According to The American Cancer Society, "Overall, white women are slightly more likely to develop breast cancer than African-American women, but African-American women are more likely to die of this cancer." The big question is, Why?
Statistically, it appears that black women should have a better outcome from breast cancer than women of other races, such as white women. But the numbers show a different story. According to recent research, there are a number of reasons for this, which include:
- Black women with breast cancer are less likely than white or Hispanic women to get follow-up genetic screening and surgeries that can help prevent cancer from coming back.
- Among the study's more than 1,600 women diagnosed with breast cancer by age 50, only half as many black women were tested for BRCA gene mutations* as white women.
- Among those who tested BRCA-positive, only 68 percent of black women had preventive mastectomy, compared to 94 percent of whites and 85 percent of Hispanics.
* "The most common cause of hereditary breast cancer is an inherited mutation in the BRCA1 and BRCA2 genes. Mutated versions of these genes cannot stop abnormal growth, and that can lead to cancer." (American Cancer Society)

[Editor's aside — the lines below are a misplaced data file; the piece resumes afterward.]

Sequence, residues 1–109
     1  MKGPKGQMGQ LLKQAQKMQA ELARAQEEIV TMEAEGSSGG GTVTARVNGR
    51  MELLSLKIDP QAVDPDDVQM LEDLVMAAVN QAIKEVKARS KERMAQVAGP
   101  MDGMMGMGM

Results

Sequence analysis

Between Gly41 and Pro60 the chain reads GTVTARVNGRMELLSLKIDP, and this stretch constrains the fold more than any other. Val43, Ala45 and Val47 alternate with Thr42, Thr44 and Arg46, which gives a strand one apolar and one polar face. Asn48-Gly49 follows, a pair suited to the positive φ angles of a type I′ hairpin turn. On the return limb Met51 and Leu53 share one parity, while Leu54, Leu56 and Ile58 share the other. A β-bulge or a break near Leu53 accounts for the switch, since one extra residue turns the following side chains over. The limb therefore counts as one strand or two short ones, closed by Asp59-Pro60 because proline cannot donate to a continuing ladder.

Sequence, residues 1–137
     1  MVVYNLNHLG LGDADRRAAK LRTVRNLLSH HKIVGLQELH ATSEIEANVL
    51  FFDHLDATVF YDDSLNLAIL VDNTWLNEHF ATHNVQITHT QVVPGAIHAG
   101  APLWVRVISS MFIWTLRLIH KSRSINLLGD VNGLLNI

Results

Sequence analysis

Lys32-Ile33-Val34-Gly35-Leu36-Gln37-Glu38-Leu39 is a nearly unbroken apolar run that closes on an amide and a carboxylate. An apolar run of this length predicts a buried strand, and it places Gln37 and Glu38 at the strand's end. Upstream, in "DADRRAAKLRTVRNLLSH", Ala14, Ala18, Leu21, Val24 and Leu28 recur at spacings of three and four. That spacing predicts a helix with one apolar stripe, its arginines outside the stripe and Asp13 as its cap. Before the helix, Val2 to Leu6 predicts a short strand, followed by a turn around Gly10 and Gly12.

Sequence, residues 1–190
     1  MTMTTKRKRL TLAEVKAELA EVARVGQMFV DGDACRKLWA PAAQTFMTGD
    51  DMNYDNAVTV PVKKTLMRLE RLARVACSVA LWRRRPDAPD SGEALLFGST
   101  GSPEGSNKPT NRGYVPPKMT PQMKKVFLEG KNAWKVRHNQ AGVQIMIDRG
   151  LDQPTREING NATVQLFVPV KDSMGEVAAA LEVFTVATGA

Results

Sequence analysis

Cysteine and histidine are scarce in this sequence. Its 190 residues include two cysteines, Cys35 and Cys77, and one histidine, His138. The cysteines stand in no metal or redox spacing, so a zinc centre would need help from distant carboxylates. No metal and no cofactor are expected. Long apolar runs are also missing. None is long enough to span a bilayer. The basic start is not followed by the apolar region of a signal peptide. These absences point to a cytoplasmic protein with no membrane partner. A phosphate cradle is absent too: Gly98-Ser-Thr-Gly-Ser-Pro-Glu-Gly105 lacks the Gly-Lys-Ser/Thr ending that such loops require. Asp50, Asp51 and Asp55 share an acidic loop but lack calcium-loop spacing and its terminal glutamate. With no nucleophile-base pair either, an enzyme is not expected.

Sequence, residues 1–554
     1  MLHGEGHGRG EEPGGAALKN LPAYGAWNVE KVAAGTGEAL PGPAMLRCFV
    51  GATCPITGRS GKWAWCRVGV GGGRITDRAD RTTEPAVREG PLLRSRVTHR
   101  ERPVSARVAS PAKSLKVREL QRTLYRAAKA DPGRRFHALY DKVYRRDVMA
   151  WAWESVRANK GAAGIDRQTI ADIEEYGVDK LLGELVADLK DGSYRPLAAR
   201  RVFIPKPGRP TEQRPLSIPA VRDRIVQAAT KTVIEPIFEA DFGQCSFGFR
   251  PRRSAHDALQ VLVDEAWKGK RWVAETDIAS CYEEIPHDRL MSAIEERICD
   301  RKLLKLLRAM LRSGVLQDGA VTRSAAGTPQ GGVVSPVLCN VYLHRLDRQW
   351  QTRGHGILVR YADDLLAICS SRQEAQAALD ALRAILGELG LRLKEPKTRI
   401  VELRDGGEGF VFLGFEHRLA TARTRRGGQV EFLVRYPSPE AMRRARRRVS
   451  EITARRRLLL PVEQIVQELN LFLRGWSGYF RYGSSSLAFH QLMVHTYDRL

More awareness needed
Dr. Tuya Pal, a clinical geneticist at the H. Lee Moffitt Cancer Center & Research Institute in Tampa, Florida, who led the study, feels there needs to be more awareness for black women. The awareness needs to include the fact that there is more health care coverage under the new healthcare reform that enables black women to have procedures covered by health insurance. This also includes coverage for BRCA gene testing.
Read more at www.nlm.nih.gov/medlineplus/news/fullstory_159242.html